Further experiments tested the effect of the origin of An. albimanus on transmissibility of P. vivax. Five New World An. albimanus colonies were far more susceptible to each New World parasite than to any Old World parasite line (Table). The average infection rate for five different New World colonies was 21.2%. As the positive control, An. freeborni was infected by parasites from the different areas with a mean infection rate of 57.1%. Hence, the distinction of developmental success in An. albimanus did not relate to characteristics of a single colony but was a more general phenomenon. The single exception to the Old World-New World separation was P. simium, a New World monkey parasite morphologically similar to P. vivax, which has been reported to successfully infect An. freeborni but not to be very infective to An. albimanus (6).
Separation of New and Old World P. vivax Malaria Indicated by Analysis of Nuclear-Encoded and Plastid DNA Markers
P. vivax isolates representing different geographic areas and one isolate of P. simium, a parasite of New World monkeys, were characterized according to sequence polymorphisms within the nuclear-encoded rRNA genes and the 35-kb plastid genome. The New World P. vivax isolates were identical under these criteria, while the Old World P. vivax and P. simium also formed a distinct and related group. These parasites include most of the original parasite lines tested for developmental success in An. albimanus.
Consistent Differences Between Old and New World Isolates of P. vivax in S-type rRNA Genes: Result of a Single-Type Gene Conversion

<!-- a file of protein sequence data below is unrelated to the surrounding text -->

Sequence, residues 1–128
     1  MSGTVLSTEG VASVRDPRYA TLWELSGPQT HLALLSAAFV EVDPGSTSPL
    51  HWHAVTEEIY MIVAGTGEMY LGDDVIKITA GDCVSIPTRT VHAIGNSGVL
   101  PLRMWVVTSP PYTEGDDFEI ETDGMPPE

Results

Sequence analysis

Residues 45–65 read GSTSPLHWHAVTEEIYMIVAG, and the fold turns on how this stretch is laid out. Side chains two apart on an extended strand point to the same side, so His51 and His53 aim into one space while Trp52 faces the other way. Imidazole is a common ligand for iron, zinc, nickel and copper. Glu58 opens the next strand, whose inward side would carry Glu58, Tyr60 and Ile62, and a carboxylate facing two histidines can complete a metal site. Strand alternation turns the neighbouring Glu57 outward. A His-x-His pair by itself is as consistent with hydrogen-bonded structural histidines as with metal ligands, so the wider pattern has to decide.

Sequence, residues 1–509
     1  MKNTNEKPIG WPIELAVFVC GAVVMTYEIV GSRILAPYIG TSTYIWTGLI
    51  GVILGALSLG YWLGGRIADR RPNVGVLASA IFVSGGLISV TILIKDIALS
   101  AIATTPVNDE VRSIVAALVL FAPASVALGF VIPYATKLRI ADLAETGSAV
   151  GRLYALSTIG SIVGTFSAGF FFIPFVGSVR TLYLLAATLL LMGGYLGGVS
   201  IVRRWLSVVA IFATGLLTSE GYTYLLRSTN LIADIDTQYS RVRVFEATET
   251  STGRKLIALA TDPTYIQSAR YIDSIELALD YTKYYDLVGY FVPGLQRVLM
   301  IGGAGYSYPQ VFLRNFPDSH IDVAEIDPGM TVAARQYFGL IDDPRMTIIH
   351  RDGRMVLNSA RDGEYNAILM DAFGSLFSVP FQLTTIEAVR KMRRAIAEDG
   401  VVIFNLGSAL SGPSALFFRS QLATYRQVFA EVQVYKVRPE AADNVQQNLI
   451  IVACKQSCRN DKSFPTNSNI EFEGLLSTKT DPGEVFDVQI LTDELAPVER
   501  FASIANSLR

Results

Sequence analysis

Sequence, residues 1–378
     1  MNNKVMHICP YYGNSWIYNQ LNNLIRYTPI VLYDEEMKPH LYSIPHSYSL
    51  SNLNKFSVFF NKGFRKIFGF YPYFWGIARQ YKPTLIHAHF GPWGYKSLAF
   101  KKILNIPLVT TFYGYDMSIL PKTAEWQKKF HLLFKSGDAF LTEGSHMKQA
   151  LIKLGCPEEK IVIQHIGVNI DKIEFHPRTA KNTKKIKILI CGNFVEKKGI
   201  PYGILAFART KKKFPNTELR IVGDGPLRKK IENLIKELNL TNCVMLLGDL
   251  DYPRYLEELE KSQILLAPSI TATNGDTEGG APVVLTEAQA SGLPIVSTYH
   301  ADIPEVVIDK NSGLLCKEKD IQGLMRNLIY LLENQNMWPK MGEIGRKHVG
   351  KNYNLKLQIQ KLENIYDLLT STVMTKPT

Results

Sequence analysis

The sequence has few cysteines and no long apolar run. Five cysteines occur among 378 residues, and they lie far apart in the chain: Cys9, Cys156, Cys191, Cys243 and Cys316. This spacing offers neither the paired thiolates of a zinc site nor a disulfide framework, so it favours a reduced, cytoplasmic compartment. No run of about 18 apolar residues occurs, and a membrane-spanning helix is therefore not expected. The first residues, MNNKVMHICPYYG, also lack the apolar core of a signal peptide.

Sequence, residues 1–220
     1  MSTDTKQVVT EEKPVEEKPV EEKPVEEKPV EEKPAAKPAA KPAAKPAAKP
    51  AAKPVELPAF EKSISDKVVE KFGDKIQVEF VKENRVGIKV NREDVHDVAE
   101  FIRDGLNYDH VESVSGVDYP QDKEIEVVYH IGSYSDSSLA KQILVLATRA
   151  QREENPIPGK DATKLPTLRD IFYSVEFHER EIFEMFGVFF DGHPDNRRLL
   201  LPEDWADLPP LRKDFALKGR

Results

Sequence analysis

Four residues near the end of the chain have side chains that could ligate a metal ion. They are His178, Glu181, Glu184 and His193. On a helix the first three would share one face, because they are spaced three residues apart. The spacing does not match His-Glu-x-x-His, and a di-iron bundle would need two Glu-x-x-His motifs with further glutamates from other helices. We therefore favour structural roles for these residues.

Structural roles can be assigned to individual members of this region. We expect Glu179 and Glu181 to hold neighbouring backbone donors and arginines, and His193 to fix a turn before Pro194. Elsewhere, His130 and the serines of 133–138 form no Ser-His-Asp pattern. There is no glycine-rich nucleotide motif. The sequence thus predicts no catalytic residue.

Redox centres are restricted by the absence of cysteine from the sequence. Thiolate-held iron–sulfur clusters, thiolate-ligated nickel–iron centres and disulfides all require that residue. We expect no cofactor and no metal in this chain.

DNA sequence analysis of the cloned 18S rRNA genes from 17 isolates, including 5 of 7 Old World isolates and 5 of 7 New World isolates from infectivity studies, indicated that all strains shared similar sequence types, including 3 types of genomic rRNA genes as we described for the Sal-1 strain (7,8). In comparing the 18S rRNA sequences of New World and Old World isolates, however, we found a consistent polymorphism that separated the two according to geographic location (Figure 2). While the genes expressed in blood stage (A type) and oocysts (O type) remained the same in all isolates, the S-type genes transcribed in sporozoites were maintained in either one or the other of two distinct forms (Figure 2). The New World type of S gene has been reported in a P. vivax isolate from El Salvador (12), and the Old World type has been reported to exist in the monkey malaria, P. simium (13; Li and McCutchan, unpub. data). The difference between the two types of S gene is localized at the 3' end of the gene, including the last variable region, V8 (10). The A gene and two types of the S genes were differentiated on the basis of fragment length (Figure 2). The assignment of type was confirmed in all isolates by DNA sequence analysis. The results indicate that one type of S gene is shared by all strains or isolates from Central and South America. Parasites from Asia, the Pacific region, and Africa have a genotype similar to the S gene from the primate malaria P. cynomolgi and exactly like that of P. simium.
The structure of the variant New World S gene appeared to be the result of a simple conversion between the A and S genes (Figure 3). Further, the point of conversion between A and S genes appeared to be the same (within 9 bp) in all New World isolates. The simplest conclusion is that only one conversion occurred, and it existed in the progenitor of all New World strains thus far examined. Expression of the two types of S gene has been confirmed by sequencing of cloned reverse transcriptase/polymerase chain reaction fragments amplified from sporozoite rRNA (Li and McCutchan, data not shown).